Many Japanese dishes have flavours based on dashi stock, soy sauce, and sake with or without mirin. Japanese Vegetable Soup (Kenchinjiru) is no exception. It is a plain flavouring but a little bit of oil and sesame oil makes the broth tastier. It becomes a little bit richer but not too rich, so that you can eat a lot without getting sick of it.
My recipe says 4 servings but it is the Japanese serving size of soups such as miso soup. If you are serving it like the Western style soup, it will be 2-3 servings. You can keep the soup in the fridge for few days. If you are not serving it straight away, add shallots/scallions later.
Japanese Vegetable Soup (Kenchinjiru) is served hot and considered to be a winter dish. But unless it is in the middle of a hot summer there is no reason why you can’t make this dish and enjoy a healthy meal.
PS: I added a new section ‘MEAL IDEAS’ below the recipe card. It gives you a list of dishes that I have already posted and the new recipe in this post that can make up a complete meal. I hope it is of help to you!
Japanese Vegetable Soup (Kenchinjiru) was originally a Buddhist dish. Root vegetables and tofu are sautéed and cooked in flavoured dashi broth. It is quite filling but you don’t need to worry about the calories.
If you use vegetarian dashi stock such as konbu dashi or shiitake dashi, it becomes 100% vegetarian.
Servings are based on a standard Japanese soup bowl. If serving as a Western style soup, it serves 2-3 bowls of soup.
- ½ pack firm tofu/momen tofu (about 200g/7.1oz)
- 50g/1.8oz carrot thinly sliced to 3mm thick (note 1)
- 70g/2.5oz daikon , sliced to 3mm/⅛" thick then into quarters or 1/6 pie shape (note 2)
- 50g/1.8oz shimeji mushrooms , de-clustered to individual or a few tiny bunch of mushrooms
- 100g/3.5oz taro , peeled and cut into bite size pieces
- 125g/4.4oz konnyaku (1/2 pack)
- 500ml/1.1pt boiling water
- 1 stem shallot/scallions , cut to 2.5cm/1" long
- 1 tbsp sesame oil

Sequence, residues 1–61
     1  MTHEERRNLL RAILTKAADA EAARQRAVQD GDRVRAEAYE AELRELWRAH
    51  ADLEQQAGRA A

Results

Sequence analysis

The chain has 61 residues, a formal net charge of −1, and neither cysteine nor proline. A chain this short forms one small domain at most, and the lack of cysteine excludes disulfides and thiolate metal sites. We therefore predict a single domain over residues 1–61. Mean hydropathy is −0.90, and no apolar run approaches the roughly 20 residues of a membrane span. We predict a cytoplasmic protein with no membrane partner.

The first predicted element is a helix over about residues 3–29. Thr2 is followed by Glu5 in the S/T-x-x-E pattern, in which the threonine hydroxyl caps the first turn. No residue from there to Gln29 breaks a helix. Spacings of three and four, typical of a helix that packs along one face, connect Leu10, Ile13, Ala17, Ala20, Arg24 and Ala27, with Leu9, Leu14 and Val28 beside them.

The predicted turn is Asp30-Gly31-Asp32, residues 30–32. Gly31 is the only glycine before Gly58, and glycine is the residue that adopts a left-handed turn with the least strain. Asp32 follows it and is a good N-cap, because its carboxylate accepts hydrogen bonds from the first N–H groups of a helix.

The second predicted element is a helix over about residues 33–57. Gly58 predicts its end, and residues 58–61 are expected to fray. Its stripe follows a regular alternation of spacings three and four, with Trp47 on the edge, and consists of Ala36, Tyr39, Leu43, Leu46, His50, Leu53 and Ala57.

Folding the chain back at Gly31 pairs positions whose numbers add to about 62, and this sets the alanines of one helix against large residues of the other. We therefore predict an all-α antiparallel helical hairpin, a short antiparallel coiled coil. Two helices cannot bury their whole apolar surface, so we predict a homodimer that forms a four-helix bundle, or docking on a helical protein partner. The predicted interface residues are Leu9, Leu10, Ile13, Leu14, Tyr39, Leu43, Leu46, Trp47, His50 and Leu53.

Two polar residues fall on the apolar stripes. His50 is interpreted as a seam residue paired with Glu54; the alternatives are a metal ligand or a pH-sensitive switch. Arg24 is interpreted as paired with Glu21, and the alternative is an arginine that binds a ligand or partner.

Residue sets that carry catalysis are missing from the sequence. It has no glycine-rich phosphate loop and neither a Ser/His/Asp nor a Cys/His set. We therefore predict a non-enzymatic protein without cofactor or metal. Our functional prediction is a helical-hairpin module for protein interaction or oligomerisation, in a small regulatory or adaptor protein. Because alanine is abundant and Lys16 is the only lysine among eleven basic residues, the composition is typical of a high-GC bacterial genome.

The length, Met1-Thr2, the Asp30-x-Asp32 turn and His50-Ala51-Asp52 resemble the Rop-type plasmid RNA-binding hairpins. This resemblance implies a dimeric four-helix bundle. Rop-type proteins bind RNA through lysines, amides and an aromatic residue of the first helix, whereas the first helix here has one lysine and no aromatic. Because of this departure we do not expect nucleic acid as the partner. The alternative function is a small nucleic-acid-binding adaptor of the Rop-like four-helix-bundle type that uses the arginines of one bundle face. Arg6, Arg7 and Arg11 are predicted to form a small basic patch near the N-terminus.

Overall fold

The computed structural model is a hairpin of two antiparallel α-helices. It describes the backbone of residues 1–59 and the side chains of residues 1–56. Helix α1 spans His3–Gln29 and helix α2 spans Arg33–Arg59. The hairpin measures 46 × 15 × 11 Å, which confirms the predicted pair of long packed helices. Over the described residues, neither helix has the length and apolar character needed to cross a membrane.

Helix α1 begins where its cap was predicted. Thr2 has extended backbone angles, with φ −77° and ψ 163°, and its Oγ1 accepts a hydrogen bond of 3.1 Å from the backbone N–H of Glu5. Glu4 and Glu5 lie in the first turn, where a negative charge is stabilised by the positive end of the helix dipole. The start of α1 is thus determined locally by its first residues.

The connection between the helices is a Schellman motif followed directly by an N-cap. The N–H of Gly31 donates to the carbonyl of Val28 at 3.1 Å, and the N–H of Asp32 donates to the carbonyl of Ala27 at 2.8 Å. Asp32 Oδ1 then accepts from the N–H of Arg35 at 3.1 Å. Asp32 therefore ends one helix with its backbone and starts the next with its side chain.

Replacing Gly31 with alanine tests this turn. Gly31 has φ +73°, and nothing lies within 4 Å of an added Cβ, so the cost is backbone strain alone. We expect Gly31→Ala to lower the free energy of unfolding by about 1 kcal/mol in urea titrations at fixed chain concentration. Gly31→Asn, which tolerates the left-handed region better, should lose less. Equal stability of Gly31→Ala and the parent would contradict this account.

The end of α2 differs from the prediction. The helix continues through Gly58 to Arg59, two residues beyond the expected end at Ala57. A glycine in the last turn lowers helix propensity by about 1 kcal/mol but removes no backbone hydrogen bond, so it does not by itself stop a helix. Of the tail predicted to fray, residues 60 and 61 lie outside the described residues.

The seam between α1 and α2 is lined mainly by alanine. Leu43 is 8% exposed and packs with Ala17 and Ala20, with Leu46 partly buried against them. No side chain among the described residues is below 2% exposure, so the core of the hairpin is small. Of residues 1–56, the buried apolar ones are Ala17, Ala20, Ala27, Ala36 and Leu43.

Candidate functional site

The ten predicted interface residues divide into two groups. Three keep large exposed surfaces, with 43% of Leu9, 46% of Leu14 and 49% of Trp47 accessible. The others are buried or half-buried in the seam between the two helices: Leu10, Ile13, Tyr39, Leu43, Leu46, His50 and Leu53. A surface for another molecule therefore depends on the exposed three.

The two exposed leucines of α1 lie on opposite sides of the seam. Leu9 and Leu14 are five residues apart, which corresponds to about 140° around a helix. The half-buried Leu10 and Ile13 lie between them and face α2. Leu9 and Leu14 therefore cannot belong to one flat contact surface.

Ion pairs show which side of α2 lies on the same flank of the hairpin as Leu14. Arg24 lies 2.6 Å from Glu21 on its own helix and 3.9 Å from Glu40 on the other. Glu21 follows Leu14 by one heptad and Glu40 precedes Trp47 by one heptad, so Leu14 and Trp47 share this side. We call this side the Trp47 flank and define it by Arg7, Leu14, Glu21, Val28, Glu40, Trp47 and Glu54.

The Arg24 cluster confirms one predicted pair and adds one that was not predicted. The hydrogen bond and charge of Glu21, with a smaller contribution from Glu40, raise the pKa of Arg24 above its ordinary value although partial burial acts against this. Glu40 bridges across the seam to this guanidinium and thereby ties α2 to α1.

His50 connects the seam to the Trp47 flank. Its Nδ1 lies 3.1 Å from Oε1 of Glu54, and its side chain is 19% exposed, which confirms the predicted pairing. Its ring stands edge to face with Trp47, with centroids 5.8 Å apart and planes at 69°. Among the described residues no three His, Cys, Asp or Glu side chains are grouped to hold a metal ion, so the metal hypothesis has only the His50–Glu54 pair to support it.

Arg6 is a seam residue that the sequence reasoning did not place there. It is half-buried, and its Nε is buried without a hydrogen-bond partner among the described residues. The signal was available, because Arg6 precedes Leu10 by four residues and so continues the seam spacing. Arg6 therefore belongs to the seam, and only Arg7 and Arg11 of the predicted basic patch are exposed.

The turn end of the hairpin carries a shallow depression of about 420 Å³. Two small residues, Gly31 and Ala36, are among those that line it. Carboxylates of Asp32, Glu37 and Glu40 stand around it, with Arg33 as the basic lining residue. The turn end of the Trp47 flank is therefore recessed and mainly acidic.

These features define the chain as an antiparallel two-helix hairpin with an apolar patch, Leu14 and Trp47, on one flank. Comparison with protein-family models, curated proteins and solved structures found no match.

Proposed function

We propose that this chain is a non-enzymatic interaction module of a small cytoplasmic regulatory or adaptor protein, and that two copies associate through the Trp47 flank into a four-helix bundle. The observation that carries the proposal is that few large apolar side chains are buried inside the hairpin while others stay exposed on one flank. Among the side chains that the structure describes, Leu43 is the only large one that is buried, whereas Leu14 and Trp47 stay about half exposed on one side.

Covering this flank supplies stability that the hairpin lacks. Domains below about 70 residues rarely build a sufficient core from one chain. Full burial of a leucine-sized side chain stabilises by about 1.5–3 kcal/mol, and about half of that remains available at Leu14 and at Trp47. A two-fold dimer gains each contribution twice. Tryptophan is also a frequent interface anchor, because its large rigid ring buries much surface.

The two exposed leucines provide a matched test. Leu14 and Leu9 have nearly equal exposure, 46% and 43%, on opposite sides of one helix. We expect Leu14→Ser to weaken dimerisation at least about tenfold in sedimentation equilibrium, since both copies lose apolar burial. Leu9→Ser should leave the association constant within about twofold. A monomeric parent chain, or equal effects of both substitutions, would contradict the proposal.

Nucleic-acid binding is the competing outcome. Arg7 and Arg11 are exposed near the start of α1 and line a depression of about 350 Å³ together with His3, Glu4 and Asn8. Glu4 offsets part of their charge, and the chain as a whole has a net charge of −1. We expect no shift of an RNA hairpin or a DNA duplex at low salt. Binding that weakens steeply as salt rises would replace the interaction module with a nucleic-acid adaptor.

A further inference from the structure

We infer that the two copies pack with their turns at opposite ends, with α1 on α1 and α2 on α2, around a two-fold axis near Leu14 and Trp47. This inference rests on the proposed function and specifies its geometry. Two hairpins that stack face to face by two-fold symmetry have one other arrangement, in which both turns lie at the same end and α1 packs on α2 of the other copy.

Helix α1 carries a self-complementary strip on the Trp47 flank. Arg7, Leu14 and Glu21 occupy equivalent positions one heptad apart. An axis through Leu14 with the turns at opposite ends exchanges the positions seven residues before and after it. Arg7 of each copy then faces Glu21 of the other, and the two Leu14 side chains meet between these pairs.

- ½ tbsp oil
- 800ml/1.7pt dashi stock (note 3)
- 2 tbsp soy sauce
- 2 tbsp sake
- A pinch of salt
Wrap the tofu in kitchen paper and place it on a tilted cutting board. Place a small cutting board or a container with a weight in it on the tofu. Leave it for 30 minutes or so. Do this step before preparing the vegetables.
Cut konnyaku lengthwise into three equal strips. Then slice each strip perpendicular to the first cut to 5mm thick. Pouer boiling water over the konnyaku pieces. Drain.
Cut the pressed tofu into half, horizontal to the cutting board. Cut the two layers of tofu lengthwise to half, then cut to 1.5cm thick perpendicular to the second cut.
Add sesame oil and oil in a saucepan and heat over high heat.
Put all the vegetables except shallots and tofu into the pan and stir fry until the vegetable pieces are coated in oil (1-1.5 minutes).
Add tofu, then the Dashi Broth ingredients. Bring it to a boil, place a lid on and cook for about 5 minutes or until the vegetables are cooked through. While cooking, remove the scum from time to time.
Add the shallots to the pan and cook for 15 seconds or so, then turn the heat off.
Serve while hot.
1. My carrot was thin so I just sliced it to make a round shape. If your carrot is fat, cut it into half or quarters vertically, then slice it.
2. Depending on how thick the daikon is, adjust the size of the pie shape. The idea is to make it slightly larger than the carrot pieces.
3. For vegetarian dashi stock, please visit Varieties of Dashi Stock.
4. You can keep the soup in the fridge for a few days. If not serving, add shallots/scallions later to prevent discolouration.
5. Nutrition information per serving assuming 4 servings.
serving: 377g calories:194kcal fat: 9.7g (15%) saturated fat: 1.2g (6%) polyunsaturated fat: 2.6g monounsaturated fat: 4.9g cholesterol: 2mg (1%) sodium: 801mg (33%) potassium: 678mg (19%) carbohydrates: 15 (5%) dietary fibre: 3g (12%) sugar: 2.7g protein: 11g vitamin a: 42% vitamin c: 12% calcium: 13% iron: 9.3%